Wendell Wallach will be giving the keynote talk at the plenary session of the World Future Society Conference in Boston on July 8th. The title of the talk will be, Navigating the Future: Moral Machines, Techno Humans, and the Singularity. Other speakers at WorldFuture 2010: Sustainable Futures, Strategies, and Technologies will be Ray Kurzweil, Dennis Bushnell, and Harvey Cox.
Wallach will also be making a splash in an upcoming issue of Ethics and Information Technology dedicated to “Robot Ethics and Human Ethics.” As the Moral Machines blog, Wendell offers the first two paragraphs of his editorial, and some additional information about the issue:
It has already become something of a mantra among machine ethicists that one benefit of their research is that it can help us better understand ethics in the case of human beings. Sometimes this expression appears as an afterthought, looking as if authors say it merely to justify the field, but this is not the case. At bottom is what we must know about ethics in general to build machines that operate within normative parameters. Fuzzy intuitions will not do where the specifics of engineering and computational clarity are required. So, machine ethicists are forced head on to engage in moral philosophy. Their effort, of course, hangs on a careful analysis of ethical theories, the role of affect in making moral decisions, relationships between agents and patients, and so forth, including the specifics of any concrete case. But there is more here to the human story.
Successfully building a moral machine, however we might do so, is no proof of how human beings behave ethically. At best, a working machine could stand as an existence proof of one way humans could go about things. But in a very real and salient sense, research in machine morality provides a test bed for theories and assumptions that human beings (including ethicists) often make about moral behavior. If these cannot be translated into specifications and implemented over time in a working machine, then we have strong reason to believe that they are false or, in more pragmatic terms, unworkable. In other words, robot ethics forces us to consider human moral behavior on the basis of what is actually implementable in practice. It is a perspective that has been absent from moral philosophy since its inception.
“Robot Minds and Human Ethics: The Need for a Comprehensive Model of Moral Decision Making”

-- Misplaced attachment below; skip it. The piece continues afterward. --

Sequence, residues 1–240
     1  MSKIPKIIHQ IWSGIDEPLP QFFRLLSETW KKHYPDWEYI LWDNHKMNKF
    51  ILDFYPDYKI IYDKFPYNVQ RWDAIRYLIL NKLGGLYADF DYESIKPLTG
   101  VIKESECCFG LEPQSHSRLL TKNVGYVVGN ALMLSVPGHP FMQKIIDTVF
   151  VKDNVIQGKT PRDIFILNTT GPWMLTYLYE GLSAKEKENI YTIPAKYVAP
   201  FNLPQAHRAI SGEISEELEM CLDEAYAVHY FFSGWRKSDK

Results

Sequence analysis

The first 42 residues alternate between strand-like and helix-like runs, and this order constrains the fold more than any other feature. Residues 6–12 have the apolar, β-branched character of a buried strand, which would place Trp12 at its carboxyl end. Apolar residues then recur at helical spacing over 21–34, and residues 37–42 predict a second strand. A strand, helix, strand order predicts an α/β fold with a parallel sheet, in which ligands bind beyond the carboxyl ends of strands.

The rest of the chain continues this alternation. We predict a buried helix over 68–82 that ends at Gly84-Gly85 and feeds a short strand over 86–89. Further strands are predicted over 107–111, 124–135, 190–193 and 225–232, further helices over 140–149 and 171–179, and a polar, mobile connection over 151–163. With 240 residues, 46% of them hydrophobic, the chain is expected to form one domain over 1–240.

“Moral Appearances: Emotions, Robots and Human Morality”
“Robot Rights? Toward a Social-Relational Justification of Moral Consideration”
“RoboWarfare: Can Robots Be More Ethical than Humans on the Battlefield”
“The Cubical Warrior: The Marionette of Digitized Warfare”
“Robot Caregivers: Harbingers of Expanded Freedom for All”
Yvette Pearson and Jason Borenstein
“Implications and Consequences of Robots with Biological Brains”
“Designing a Machine for Learning and the Ethics of Robotics: the N-Reasons Platform”
Book Reviews of Wallach and Allen, Moral Machines: Teaching Robots Right from Wrong, Oxford, 2009.
Anthony F. Beavers
Bravo! Wallach provocatively goes after the heart of the moral issue. Moral philosophy needs machine ethics to test its descriptive theories of human morality and morality in general. Philosophy without engineering and the scientific method is fatally limited.
This has an impact on morality that concerns all human beings. For millennia we have understood morality and ethics through introspection, contemplation, and meditation — but all of these avenues are ultimately limiting without cognitive experiments to back them up, which requires AI. Because we lacked the technology to conduct these experiments throughout history, there became a demand for objective moral codes, often backed by a claimed divine authority. The problem is that all of these “objective moral codes” are based on language, which is fuzzy and can be interpreted in many different ways. The morals and laws of the future will be based on finer-grain physical descriptions and game theory, not abstract words. We cannot perfectly articulate our own moralities because neuroscience needs to progress to the point where we describe our moral behavior more deterministically, in terms of neural activation patterns or maybe something even more fundamental.
Critics might say, “it is your need to formalize ethics as a code that makes you all so uncool”. Well, too bad. The motivation here foremost is knowledge, secondarily is the issue that if we don’t formalize an ethics, someone else will formalize it for us, and put it into a powerful artificial intelligence that we can’t control. We cannot avoid formalizing ethics for machines, and thereby make provocative and potentially controversial statements about human morality in general, because artificial intelligence’s long-term growth is unstoppable, barring some civilization-wide catastrophe. Humanity needs to come to terms with the fact that we will not be the most powerful beings on the planet forever, and we need to engineer a responsible transition, instead of being in denial about it.
Promoting machine ethics as a field is challenging because much of the bedrock of shared cultural intuitions regarding morality say that morality is something that can be felt, not analyzed. But cognitive psychologists prove every day that morality can indeed be analyzed and experimented with, often with surprising results. When will the rest of humanity catch up with them, and adopt a scientific view of morality, rather than clinging to an obsolete mystical view?